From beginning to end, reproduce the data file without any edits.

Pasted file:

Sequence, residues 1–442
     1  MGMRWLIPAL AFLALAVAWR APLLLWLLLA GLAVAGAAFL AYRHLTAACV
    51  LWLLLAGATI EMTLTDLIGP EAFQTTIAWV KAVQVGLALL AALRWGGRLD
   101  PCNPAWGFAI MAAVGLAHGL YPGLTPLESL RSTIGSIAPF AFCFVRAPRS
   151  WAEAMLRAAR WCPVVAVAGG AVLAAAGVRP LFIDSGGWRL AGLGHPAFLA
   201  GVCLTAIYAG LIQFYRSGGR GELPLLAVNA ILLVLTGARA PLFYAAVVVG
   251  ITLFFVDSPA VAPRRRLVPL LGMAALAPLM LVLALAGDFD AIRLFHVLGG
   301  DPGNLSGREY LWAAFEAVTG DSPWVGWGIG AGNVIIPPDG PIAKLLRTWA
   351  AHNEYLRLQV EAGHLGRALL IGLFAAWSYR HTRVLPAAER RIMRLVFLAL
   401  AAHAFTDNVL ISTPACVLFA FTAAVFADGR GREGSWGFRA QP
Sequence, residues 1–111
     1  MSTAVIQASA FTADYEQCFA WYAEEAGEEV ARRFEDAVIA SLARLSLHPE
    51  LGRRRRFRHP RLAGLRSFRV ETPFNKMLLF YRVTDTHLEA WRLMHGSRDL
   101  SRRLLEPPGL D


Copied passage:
Sequence, residues 1–442
     1  MGMRWLIPAL AFLALAVAWR APLLLWLLLA GLAVAGAAFL AYRHLTAACV
    51  LWLLLAGATI EMTLTDLIGP EAFQTTIAWV KAVQVGLALL AALRWGGRLD
   101  PCNPAWGFAI MAAVGLAHGL YPGLTPLESL RSTIGSIAPF AFCFVRAPRS
   151  WAEAMLRAAR WCPVVAVAGG AVLAAAGVRP LFIDSGGWRL AGLGHPAFLA
   201  GVCLTAIYAG LIQFYRSGGR GELPLLAVNA ILLVLTGARA PLFYAAVVVG
   251  ITLFFVDSPA VAPRRRLVPL LGMAALAPLM LVLALAGDFD AIRLFHVLGG
   301  DPGNLSGREY LWAAFEAVTG DSPWVGWGIG AGNVIIPPDG PIAKLLRTWA
   351  AHNEYLRLQV EAGHLGRALL IGLFAAWSYR HTRVLPAAER RIMRLVFLAL
   401  AAHAFTDNVL ISTPACVLFA FTAAVFADGR GREGSWGFRA QP
Sequence, residues 1–111
     1  MSTAVIQASA FTADYEQCFA WYAEEAGEEV ARRFEDAVIA SLARLSLHPE
    51  LGRRRRFRHP RLAGLRSFRV ETPFNKMLLF YRVTDTHLEA WRLMHGSRDL
   101  SRRLLEPPGL D